The short answer is recruit train and retain.
Your company has great products and/or services, a proven market, growth potential but you are held back by the sales growth not going as planned. You know the opportunities are out there but you just cannot seem to recruit the sales people that bring home the deals.
Most Sales Directors will do the following:
Place adverts or employ recruitment agencies, searching for people already with experience in their industry that can hit the ground running. Then train them on the job and leave them at it.
These are the most common responses and they don’t work, or at least not to the level wanted by the Sales Director. Let us have a look at why before presenting the solution that really does work.
1. The people recruited are not the right profile.
2. The training is virtually non existent and not to professional standards.
3. The management, motivation and leadership of the team is lacking.
To put this right you have to before you even think of recruiting, design and write down your recruitment profile and induction and ongoing development plan. Here are some of my ideas from experience.
Idea 1: Recruit motivated, goal oriented raw talent. Even Leonardo Da Vinci could not make a great statue unless he had some great clay to start with.
Yes, you say but how. Well forget recruiting from your own industry it is just not going to produce the numbers for growth. Instead recruit people with closing experiences in other industries. Pick industries where the income for sales people is not as high as yours. So many industries pay good sales people peanuts or cap earnings. You now have a large population to recruit from. It is quicker to teach the product knowledge of your company than to teach someone how to close deals. You must in your profile recruit to your values, so that a natural team spirit and identity emerges.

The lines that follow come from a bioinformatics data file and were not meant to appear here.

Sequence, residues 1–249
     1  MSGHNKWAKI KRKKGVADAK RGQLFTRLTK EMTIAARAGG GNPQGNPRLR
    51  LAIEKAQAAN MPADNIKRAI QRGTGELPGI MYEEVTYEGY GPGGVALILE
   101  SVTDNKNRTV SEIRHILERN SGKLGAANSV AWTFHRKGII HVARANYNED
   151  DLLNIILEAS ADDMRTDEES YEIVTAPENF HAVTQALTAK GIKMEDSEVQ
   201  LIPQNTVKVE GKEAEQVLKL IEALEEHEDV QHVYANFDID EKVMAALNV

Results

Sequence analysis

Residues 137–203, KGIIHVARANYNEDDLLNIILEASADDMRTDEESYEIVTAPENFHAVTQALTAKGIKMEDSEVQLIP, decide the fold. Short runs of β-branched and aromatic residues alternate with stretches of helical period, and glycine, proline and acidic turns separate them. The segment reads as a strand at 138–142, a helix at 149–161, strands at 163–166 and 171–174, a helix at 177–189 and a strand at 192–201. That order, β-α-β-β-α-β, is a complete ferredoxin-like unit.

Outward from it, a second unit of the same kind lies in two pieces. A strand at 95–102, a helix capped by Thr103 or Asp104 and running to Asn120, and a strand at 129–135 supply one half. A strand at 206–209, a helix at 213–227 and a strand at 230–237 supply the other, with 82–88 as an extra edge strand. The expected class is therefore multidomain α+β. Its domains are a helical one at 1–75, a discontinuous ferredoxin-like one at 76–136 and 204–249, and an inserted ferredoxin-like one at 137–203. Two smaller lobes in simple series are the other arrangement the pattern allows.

Idea 2: Train your Sales Manager on leadership, and motivation skills. This is a skill quite separate to sales which is what he or she excelled in to be promoted to Manager. The Sales Manager needs to be sensitive and offer leadership. If not one ‘bad apple’ will demotivate the whole group.
Idea 3: Do not expect your trainee and openers to be promotable to closers. Many industries start people as trainees, relationship builders, ice breakers, door openers. Needs lots of rapport skills, taking rejection etc. Closing is a totally different mind and skills set. Most really good sales openers will never make it as a closer. Great if it happens but not a reliable source to fast grow a business.
Idea 4: Consider older people who are not sales professionals. Most Sales Managers will believe that it is best to recruit young for the energy and sales experience to deliver. Often wrong assumptions. Motivation, money hunger, drive, positive attitude are not age and experience specific. A 60 year old seriously motivated to earn commissions can perform very well. They also have age prejudice against them which will mean they value the opportunity more. They also will, depending on their carer to date, have many skills in communication that are actually relevant to sales. Life skills, parenting, managing, team building, in any context develop practical sales skills. Interestingly people new to sales often outperform sometime because they do not sound like stereotypical sales people.
Idea 5: Manage out of office influencing factors. Many people bring their home life to the office and many a good sales person is ruined by negative external pressures, stresses or influences. You need to ask and prove real motivations and influences. Do they have support of those around them for your position? What can you do to change make that better or at recruitment stage is it going to be too negative an influence. For example money hunger is usually good in sales but if your closer has desperate financial pressure s/he may become too pushy or desperate and trigger buyers remorse situations.
Feel free to email me any comments or challenges email@example.com.